April 22, 2012(Mainichi Japan)
Kaleidoscope of the Heart: Give a word of thanks, even if it's not heartfelt
香山リカのココロの万華鏡:演技でも感謝の一言を /東京

A busy April has begun, and I feel that in my consultation room I am seeing more people complaining of being frustrated or unable to calm down.

Some people say they have become more likely to break out in anger at home or in the office.

They all think that things mustn't remain as they are, but they can't seem to calm down their feelings.

At those times, if someone close to them gave some kind words like "things are always tough, aren't they?" or "take it easy sometimes," they would surely feel better.

Their wound up feelings would loosen, and just from that they might feel like half their exhaustion was gone.

However, busy people are usually surrounded by people who are "busier," who can't stop to talk.

In my consultation room, one woman told me that when she returned from her busy workplace, she hurried to make dinner.

When her husband would get home at night, he would say things like, "What, today's another vegetable stirfry? Let me eat something more refreshing once in a while."

The woman would find herself snapping back with things like, "This morning you didn't throw out the garbage, did you!? Even though I asked several times."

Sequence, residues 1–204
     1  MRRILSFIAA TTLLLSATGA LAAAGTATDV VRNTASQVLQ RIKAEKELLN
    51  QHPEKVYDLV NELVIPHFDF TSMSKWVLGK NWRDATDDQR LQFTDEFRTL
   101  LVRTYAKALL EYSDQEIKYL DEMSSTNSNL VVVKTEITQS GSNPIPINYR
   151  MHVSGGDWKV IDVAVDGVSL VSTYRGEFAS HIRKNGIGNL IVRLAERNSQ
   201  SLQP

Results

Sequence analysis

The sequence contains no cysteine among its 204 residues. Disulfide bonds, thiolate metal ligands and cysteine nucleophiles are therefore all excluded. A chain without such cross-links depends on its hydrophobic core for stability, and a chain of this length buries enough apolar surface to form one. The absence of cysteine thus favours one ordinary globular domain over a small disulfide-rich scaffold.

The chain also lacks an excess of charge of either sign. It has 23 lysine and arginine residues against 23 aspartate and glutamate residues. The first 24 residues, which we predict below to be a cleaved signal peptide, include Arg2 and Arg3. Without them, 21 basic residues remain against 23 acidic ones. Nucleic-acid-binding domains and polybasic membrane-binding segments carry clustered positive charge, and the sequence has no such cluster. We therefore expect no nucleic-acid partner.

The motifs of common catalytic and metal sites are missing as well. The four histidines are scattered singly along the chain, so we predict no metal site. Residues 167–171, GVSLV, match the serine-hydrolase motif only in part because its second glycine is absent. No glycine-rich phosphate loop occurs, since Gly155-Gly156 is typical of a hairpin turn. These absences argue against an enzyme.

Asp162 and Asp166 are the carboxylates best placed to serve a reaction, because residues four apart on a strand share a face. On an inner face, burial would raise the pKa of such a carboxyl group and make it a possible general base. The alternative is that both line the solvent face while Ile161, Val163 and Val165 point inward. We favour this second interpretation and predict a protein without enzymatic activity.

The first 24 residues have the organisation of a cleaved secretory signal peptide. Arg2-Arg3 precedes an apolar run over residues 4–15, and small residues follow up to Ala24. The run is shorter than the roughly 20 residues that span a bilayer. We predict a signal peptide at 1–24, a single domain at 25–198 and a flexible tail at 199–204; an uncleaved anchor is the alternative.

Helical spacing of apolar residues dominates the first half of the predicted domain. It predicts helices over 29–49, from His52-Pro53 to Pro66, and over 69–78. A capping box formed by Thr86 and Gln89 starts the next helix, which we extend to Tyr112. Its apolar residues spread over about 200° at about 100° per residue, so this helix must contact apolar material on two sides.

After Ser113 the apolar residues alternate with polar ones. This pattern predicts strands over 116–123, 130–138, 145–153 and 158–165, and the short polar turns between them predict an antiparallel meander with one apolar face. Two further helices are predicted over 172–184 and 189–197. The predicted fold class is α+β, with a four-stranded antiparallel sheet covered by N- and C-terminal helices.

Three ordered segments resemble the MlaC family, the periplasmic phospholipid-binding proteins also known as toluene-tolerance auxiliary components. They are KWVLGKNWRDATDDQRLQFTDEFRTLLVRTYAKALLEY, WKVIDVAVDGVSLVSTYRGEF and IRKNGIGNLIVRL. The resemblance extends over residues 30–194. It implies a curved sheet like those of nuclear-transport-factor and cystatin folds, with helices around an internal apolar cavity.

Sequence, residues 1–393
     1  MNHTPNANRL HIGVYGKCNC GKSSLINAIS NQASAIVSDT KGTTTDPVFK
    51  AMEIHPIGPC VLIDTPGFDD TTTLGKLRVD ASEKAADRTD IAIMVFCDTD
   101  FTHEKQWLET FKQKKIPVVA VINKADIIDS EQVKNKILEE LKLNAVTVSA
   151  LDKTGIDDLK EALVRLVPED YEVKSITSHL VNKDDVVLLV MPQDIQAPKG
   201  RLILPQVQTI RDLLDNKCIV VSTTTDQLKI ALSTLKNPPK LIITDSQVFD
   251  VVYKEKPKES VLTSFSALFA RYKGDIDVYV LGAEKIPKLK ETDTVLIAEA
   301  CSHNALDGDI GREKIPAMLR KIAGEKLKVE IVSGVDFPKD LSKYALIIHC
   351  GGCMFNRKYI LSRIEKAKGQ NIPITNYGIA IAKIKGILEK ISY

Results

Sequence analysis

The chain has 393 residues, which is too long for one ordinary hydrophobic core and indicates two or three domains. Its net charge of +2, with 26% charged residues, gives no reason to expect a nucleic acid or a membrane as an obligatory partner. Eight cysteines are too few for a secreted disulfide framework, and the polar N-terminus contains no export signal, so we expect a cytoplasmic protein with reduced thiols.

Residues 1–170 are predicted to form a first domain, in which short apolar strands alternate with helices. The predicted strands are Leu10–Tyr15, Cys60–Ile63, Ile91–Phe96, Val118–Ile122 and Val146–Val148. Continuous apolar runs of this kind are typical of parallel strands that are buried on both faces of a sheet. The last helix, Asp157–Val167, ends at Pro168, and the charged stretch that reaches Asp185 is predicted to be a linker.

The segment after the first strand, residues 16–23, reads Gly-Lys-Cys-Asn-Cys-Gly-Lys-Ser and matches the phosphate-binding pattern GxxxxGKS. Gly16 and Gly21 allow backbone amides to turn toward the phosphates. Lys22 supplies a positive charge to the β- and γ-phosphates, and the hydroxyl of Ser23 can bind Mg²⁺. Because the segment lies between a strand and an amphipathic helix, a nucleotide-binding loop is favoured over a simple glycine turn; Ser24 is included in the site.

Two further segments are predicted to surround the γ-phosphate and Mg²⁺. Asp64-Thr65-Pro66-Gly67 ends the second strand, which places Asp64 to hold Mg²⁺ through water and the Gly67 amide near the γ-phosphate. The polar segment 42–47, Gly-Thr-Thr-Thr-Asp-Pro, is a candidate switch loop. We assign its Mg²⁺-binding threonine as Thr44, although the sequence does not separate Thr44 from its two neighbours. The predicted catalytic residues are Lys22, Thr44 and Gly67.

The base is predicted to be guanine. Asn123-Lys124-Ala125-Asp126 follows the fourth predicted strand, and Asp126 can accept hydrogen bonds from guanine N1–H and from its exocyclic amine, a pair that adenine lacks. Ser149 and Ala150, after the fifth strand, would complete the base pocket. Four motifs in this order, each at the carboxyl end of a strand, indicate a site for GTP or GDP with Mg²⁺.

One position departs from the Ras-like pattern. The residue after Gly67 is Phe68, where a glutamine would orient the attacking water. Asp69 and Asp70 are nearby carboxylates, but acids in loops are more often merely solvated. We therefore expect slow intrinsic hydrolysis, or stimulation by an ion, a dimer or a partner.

すると女性も思わず、「今朝、ごみ出ししてくれなかったでしょ! あんなに頼んだのに」ととがめてしまう。

"Actually, I want to say, 'you must be tired from your late work,' and I want to have the same said to me.

But I can't say it.

Instead we criticize each other's mistakes," she told me.

When we're tired, instead of words like "thank you," we tend to want to say things like, "Why don't you do such-and-such?" or "Do more of such-and-such," complaining or demanding.

This is the same for anybody, no matter how high their position or how clever they are.

However, during these times, I expect that anyone can stop themselves and ask whether that is what the other person wants to hear.

As soon as we see each other, rather than criticizing or complaining, we should first smile and say something nice.

Some people may say, "I can't say something I don't feel," but isn't it OK even if it's an act?

When we give kind words, we start to feel true feelings of thanks.

If there is something we want to complain about, the other person will later listen to us.

First, we should look in the mirror and practice saying "thank you." It's OK to start by putting on an act.

(By Rika Kayama, psychiatrist)
毎日新聞 2012年04月17日 地方版